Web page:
I grew up with the Dick and Jane readers, so I suppose those were the first. But my earliest clear memory of reading an entire book alone is THE BOOK OF MORMON and THE ISLAND OF THE BLUE DOLPHIN when I was eight. The next book I read was A WRINKLE IN TIME. Loved it. Launched me into THE HOBBIT and THE LORD OF THE RINGS trilogy.
? What are you reading right now?
Jan Karon's IN THE COMPANY OF OTHERS. I really love her Mitford Series. I'll start the second book in THE HUNGER GAMES series shortly. Collins's breakneck action pace with solid character development is amazing to me. And I just re-read Paulsen's Newbery Honor book THE HATCHET. Wonderful, simple story. No frills. Compelling. Reminds me of why I like to write for middle-graders who are just learning to love reading.
? What do you like to do when you are not writing?
Read. Go to movies. Make writing pens and stained glass windows. Garden. Remodel the house. Do anything with my wife.
? What is your favorite comfort food?
It's a tie between meatloaf (my wife's recipe with ketchup and brown sugar baked into the crust) and thick chicken curry with mild spices.
? What do you think makes a good story?
Good characters. Good characters. Good characters. Authentic and compelling voice. A non-boring plot.
? Are you a “plotter” or a “pantser”?
Pantser all the way. I'd love to try to be a plotter. Maybe I'll try it for my next book.
Fun random questions:
· dogs or cats?
Dogs. Cats have too much attitude for me. Plus, I'm allergic.
· Coffee or tea?
I'm a practicing Mormon so I have go with herbal tea. I especially like this South African variety called rooibos (Red Bush). We use these little straws filled with honey in it. Awesome.
· Dark or milk chocolate?
Neither. All chocolate in our family goes to my wonderful wife. She deserves it (AND MORE) for living with a writer.
· Rocks or flowers?
Awesome question. Rocks! I would honestly cover my walls with slab granite if I could.
· Night or day?
Day. Living in
makes you vitamin D deficient. I crave sun. Portland
· Favorite color?
Blue-green. Soothing. Makes me think of my favorite sport: Snorkeling.
· Crayons or markers?
Markers. But only the juicy fine-tip type.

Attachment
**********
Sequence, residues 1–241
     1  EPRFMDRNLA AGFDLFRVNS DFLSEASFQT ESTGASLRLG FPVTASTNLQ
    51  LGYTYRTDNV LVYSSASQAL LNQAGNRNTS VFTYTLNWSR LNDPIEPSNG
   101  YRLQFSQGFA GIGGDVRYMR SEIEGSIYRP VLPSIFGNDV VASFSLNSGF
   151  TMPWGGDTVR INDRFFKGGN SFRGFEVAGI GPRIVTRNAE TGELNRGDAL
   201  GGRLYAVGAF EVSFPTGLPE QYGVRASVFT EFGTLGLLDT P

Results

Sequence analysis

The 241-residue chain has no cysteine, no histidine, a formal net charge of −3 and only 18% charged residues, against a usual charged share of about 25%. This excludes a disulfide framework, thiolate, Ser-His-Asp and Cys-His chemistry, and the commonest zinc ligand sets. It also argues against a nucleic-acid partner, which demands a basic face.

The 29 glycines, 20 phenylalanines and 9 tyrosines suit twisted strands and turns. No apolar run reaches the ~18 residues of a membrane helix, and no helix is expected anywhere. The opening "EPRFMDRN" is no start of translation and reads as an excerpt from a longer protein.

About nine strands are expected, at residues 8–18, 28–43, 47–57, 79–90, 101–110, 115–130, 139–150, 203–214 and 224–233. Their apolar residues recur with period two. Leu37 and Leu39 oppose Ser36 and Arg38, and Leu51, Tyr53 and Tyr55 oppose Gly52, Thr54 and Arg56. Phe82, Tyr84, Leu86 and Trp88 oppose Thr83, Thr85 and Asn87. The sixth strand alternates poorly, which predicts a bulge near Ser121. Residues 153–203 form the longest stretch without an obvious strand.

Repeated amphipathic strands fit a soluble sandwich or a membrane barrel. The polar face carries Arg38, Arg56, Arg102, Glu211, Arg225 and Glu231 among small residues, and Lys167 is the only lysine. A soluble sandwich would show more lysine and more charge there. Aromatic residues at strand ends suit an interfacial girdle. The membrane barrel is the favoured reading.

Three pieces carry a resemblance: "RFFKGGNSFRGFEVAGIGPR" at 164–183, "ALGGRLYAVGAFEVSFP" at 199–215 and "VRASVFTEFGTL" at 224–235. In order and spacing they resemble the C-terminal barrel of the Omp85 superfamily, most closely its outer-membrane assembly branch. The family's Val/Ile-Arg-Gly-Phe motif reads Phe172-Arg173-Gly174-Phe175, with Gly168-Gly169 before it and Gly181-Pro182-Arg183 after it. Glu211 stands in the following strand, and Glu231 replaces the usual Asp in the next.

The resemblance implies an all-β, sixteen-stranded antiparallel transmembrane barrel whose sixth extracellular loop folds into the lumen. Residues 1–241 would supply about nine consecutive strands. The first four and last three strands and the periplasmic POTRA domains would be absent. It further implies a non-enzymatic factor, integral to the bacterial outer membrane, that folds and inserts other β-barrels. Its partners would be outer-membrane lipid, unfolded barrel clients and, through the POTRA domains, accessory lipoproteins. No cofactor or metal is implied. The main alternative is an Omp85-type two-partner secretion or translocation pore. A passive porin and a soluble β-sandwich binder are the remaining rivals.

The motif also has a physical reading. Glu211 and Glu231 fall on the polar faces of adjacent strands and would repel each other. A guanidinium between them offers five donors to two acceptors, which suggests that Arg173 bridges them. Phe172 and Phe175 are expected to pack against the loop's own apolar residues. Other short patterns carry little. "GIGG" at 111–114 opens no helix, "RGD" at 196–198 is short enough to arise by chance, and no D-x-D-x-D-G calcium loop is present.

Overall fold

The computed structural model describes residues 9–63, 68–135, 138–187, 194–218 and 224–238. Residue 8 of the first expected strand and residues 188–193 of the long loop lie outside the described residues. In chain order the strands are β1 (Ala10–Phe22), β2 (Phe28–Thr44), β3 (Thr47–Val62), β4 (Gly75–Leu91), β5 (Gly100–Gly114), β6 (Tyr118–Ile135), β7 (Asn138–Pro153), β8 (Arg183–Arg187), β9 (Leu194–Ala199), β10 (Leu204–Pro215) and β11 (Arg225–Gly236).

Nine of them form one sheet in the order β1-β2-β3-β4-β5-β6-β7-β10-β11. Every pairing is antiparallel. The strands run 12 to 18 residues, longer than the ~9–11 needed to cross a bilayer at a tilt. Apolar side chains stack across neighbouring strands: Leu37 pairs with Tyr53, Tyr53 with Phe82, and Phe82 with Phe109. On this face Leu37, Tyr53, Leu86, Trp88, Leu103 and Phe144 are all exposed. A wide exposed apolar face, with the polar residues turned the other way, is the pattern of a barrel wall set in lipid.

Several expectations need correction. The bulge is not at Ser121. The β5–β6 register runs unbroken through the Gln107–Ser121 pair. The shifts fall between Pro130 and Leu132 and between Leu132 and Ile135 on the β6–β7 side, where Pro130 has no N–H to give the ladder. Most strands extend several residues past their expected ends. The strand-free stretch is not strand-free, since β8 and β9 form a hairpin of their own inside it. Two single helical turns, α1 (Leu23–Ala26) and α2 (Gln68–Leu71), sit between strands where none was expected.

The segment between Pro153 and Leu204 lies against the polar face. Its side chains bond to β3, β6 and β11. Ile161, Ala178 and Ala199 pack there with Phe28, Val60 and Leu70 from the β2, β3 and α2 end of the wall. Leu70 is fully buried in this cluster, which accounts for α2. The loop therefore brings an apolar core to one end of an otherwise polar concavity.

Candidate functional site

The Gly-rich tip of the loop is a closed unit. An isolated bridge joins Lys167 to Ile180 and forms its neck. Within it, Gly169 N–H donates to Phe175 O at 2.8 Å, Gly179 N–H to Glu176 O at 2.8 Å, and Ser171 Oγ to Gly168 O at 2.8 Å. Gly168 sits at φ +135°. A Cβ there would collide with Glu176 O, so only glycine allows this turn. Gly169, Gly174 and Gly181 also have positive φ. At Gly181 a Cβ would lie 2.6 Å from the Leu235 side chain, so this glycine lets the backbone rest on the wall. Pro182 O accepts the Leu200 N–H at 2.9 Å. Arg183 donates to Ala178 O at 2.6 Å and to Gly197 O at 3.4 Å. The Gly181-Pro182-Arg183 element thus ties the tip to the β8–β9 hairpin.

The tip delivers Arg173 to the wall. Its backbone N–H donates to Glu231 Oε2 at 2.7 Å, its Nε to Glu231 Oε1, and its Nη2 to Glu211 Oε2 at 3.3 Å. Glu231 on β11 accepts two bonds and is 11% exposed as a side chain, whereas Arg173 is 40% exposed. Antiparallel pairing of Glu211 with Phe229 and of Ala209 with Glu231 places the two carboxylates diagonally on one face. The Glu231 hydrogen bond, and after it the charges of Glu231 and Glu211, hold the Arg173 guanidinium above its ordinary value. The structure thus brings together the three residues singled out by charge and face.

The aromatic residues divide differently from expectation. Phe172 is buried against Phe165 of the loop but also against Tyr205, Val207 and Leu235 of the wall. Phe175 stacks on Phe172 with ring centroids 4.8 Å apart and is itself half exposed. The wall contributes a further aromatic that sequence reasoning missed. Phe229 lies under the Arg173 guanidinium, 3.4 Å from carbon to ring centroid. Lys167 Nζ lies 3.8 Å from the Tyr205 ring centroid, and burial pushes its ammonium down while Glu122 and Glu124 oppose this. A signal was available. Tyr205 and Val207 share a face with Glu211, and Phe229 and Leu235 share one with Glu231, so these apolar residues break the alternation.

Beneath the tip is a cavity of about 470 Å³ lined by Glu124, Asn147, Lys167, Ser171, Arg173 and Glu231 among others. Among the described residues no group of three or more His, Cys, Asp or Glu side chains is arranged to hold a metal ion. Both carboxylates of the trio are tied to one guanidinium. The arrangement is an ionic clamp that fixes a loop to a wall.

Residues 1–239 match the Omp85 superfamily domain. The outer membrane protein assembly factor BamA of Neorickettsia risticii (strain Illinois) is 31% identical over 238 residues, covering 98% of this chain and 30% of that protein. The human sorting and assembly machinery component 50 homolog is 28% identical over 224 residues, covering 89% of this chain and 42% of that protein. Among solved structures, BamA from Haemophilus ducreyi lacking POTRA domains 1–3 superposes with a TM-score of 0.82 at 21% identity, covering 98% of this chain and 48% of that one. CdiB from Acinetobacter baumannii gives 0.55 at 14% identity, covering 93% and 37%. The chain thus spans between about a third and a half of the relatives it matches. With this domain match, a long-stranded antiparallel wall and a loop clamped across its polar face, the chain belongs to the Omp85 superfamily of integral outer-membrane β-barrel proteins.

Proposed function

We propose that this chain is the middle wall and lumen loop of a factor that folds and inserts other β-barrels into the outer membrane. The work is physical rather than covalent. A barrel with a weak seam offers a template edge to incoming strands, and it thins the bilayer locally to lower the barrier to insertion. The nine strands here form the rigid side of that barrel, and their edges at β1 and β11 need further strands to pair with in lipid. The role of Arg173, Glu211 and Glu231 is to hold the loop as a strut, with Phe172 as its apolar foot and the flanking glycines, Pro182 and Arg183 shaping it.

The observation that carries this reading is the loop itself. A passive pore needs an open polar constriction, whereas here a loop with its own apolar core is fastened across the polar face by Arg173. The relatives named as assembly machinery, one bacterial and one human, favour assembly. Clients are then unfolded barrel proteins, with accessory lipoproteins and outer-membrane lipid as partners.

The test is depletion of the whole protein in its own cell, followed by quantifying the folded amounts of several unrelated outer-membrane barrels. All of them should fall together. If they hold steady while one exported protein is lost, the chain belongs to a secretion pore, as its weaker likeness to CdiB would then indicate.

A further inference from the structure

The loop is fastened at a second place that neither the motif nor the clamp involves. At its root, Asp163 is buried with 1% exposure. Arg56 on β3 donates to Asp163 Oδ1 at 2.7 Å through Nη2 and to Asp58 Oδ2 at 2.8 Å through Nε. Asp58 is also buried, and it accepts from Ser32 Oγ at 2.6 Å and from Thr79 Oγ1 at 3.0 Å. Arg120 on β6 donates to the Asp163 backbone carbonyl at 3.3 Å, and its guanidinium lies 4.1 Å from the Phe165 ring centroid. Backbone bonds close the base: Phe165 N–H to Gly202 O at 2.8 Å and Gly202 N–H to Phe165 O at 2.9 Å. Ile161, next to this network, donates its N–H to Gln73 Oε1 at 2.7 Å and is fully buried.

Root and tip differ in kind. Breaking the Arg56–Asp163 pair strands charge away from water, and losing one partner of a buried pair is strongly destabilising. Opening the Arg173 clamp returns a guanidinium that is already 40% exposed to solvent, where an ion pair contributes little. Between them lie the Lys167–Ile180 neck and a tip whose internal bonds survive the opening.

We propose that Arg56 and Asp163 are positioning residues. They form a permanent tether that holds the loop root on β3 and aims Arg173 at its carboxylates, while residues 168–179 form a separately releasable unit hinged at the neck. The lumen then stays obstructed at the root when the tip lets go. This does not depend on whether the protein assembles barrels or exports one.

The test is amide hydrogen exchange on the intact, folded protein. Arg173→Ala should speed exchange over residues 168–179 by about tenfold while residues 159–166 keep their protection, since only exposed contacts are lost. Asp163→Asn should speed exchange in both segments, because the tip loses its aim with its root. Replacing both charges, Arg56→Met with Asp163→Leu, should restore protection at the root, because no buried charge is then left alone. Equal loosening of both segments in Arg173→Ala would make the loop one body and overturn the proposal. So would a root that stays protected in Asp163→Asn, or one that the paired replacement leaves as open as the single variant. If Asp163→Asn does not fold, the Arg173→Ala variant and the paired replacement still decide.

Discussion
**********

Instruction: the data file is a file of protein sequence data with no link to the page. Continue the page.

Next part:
· Pens or pencils?Both. Pens must be home-made of exotic woods with smooth ink distribution systems. Mechanical pencils with extra-fine soft leads are also a must. Both need to be on my desk at all times.
Kimball Fisher writes novels for young readers. He is also a best-selling business author, professional speaker, and management consultant. Some of his past jobs include: sailboat builder, ghost writer (not as scary as it sounds), illustrator, and factory manager (more scary than it sounds). For fun he builds furniture, stained-glass windows, and writing pens.
He graduated with a Bachelor of Arts degree in Humanities (with minors in English, Asian Studies, and Japanese), and a Master of Organizational Behavior degree from Brigham Young University. He and his amazing wife Reenie live in Portland, Oregon, where they have seen pheasants, coyotes, and a bobcat in their own backyard.
After being forced to wear lederhosen for the annual holiday card picture, twelve-year-old Chris thinks that the least his parents can do is get him the Tony Hawk skateboard he wants for Christmas. But when he recovers the hand-carved Baby Jesus that everyone thought had been destroyed in a fire the year his Grandma died, Chris realizes that some gifts are even more important than skateboards.
When the author had to discontinue a cherished tradition of reading Christmas stories out loud with his family and holiday guests each week in December, he wrote Finding the Baby Jesus. He had been unable to locate enough meaningful stories that could be read in a single sitting with wiggly children.
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I LOVE Christmas stories, all types of Christmas stories. I was excited to have the opportunity to read this one and I am so very pleased that I did.
This little book is packed with all that is the meaning of Christmas. I was thrilled that we hear it from a child.
This is one I will be sharing with friends and family. A MUST read for the holiday season.